Session: 652. Multiple Myeloma and Plasma Cell Dyscrasias: Clinical and Epidemiological: Poster I
Hematology Disease Topics & Pathways:
Research, adult, assays, Translational Research, Plasma Cell Disorders, Diseases, Lymphoid Malignancies, Technology and Procedures, Human, profiling, Study Population, omics technologies, Serologic Tests
Multiple Myeloma (MM) develops from well-defined precursors Monoclonal Gammopathy of Undetermined Significance (MGUS) and Smoldering Multiple Myeloma (SMM), where patients may remain stable or unknowingly rapidly progress to MM. Bone marrow (BM) biopsies are not routine for precursor disease management, and precursor patients are limited to monitoring a few biomarkers within peripheral blood (PB) for signs of progressive disease. Deep proteome profiling of PB plasma may help sensitively track disease, however, the complexity and dynamic range of plasma proteins has caused substantial limits of detection for MS-based proteomics. Technological advancements in multiplex assays with low cross-reactivity and minimal off-target events have enabled the use of plasma profiling for early disease detection, disease stage classification, defining high-risk disease features, and novel therapeutic target discovery. Here, we perform the first comprehensive plasma proteomic profiling study on patients across the MM disease continuum and longitudinal sequential samples from MM progressors and non-progressors.
We performed high-throughput plasma proteomic profiling for approximately 3000 proteins simultaneously using the Olink® Explore 3072 library and Proximity Extension Assay (PEA) technology. Briefly, targeted proteins are recognized with multiplex matched pairs of antibodies labelled with unique DNA oligonucleotides. Upon antibody binding, the oligonucleotides come into proximity, hybridize, and are extended to generate a unique sequence for protein identification using next generation sequencing (NGS) readout.
We profiled a cohort of 174 individuals, including patients with MGUS (n=18), SMM (n=66), MM (n=18), and healthy individuals (n=72). Two time-point sequential samples were also profiled from MGUS to SMM progressors (n=17), SMM to MM progressors (n=17), MGUS non-progressors (n=9) and SMM non-progressors (n=27) with matched clinical follow-up time. Multi-timepoint samples from progressors range 0.48-5.88 years between samples (median of 1.53 years), and patients had a median clinical follow-up of 7.05 years. T-tests, ANOVAs, and a linear mixed effect (LME) model were used to identify proteins that change across disease stages, progression status, time, or their interaction. Results were adjusted for multiple testing using the Benjamini-Hochberg Method.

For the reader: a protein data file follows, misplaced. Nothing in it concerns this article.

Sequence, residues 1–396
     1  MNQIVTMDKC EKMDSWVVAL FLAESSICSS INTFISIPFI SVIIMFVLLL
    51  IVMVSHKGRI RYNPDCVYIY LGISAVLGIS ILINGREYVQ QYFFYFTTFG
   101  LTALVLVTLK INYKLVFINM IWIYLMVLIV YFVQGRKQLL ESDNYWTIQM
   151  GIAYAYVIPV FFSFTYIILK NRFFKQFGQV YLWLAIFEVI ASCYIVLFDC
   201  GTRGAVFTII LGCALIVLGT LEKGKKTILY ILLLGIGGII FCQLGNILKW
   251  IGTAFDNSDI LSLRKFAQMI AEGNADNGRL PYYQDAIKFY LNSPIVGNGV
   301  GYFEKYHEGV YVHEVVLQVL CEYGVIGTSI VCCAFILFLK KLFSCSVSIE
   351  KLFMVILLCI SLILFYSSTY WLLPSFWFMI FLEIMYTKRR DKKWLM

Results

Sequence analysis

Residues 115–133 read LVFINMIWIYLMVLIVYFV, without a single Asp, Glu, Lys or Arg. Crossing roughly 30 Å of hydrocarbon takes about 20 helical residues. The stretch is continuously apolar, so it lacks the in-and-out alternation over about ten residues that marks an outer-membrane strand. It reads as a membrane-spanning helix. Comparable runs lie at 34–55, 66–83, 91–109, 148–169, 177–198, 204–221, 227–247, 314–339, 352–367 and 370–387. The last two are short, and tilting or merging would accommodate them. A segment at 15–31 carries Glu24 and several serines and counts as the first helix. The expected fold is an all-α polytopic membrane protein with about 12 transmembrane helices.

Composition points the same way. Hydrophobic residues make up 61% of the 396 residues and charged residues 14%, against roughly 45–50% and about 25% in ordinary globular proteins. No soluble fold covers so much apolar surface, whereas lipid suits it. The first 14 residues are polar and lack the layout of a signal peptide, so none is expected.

We identified 1302 significantly dysregulated proteins with the majority upregulated in progressive disease. We discovered many proteins that were significantly differentially expressed in MGUS, SMM, and NDMM vs. healthy donors (n=169, 713 and 621), in MGUS vs. SMM (n=467), MGUS vs. NDMM (n=243), and SMM vs. NDMM (n=304). We validated the use of PEA to capture plasma cell soluble proteins consistent with previous findings to serve as positive controls, including BCMA, which was significantly elevated in SMM and MM, baseline samples from progressors, and SMM-MM sequential samples while non-progressors remained stable. Additional MM-relevant proteins were also significantly expressed in our dataset, some of which are current therapeutic targets, including SLAMF7, SDC1, IL-6, CD69, CXCL5, and PECAM1. Notably, MGUS and SMM samples expressed proteins involved in proteotoxic stress and osteolysis, while MM samples expressed regulators of plasma cell differentiation, calcium modulation, cytokine secretion, T cell activation, and lymphocyte migration. A total of 990 proteins were significant in LME analysis; 12 proteins were significantly elevated in baseline samples of progressors vs. non-progressors, and 23 proteins significantly increased in expression over SMM-MM progression. Notably, two novel proteins that are vital for calcium homeostasis and integrin-mediated cell adhesion overlapped between these comparisons. These may act as new biomarkers for disease at high-risk of progression to MM.
We performed the most comprehensive plasma proteomics study to date on MM disease stages and identified candidate high-risk disease biomarkers in longitudinal samples with significant clinical follow-up. Results reported here are preliminary and additional studies are underway to validate candidates in a larger cohort of patients and determine how best to integrate proteins into risk stratification models.
Disclosures: Barbagallo: Olink Proteomics: Current Employment, Other: Employee at Olink Proteomics. Mills: Olink Proteomics: Current Employment, Other: Employee at Olink Proteomics. Rucevic: Olink Proteomics: Current Employment, Other: Employee at Olink Proteomics. Auclair: AstraZeneca: Current Employment, Other: No conflicts to declare during the conduct of this study. Now an employee of AstraZeneca. Carr: Kymera: Membership on an entity's Board of Directors or advisory committees; Seer, Inc.: Membership on an entity's Board of Directors or advisory committees; PTM BioLabs: Membership on an entity's Board of Directors or advisory committees. Ghobrial: Oncopeptides: Honoraria; Pfizer: Honoraria; Sanofi: Honoraria; Sognef: Honoraria; Takeda: Honoraria; The Binding Site: Honoraria; Vor Biopharma: Honoraria; Veeva Systems: Honoraria; Window Therapeutics: Other: Advisory board participation; Janssen: Honoraria; Menarini Silicon Biosystems: Honoraria; Huron Consulting: Honoraria; GSK: Honoraria; Bristol Myers Squibb: Honoraria; Aptitude Health: Honoraria; Amgen: Honoraria; Adaptive: Honoraria; AbbVie: Honoraria; Novartis: Research Funding; Celgene: Research Funding.
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